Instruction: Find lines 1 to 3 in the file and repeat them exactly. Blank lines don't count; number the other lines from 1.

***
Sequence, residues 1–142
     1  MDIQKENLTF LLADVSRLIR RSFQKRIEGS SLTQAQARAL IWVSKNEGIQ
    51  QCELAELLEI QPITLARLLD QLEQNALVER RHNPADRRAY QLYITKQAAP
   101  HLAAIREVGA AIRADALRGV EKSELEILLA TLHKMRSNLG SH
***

Sequence, residues 1–142
     1  MDIQKENLTF LLADVSRLIR RSFQKRIEGS SLTQAQARAL IWVSKNEGIQ
    51  QCELAELLEI QPITLARLLD QLEQNALVER RHNPADRRAY QLYITKQAAP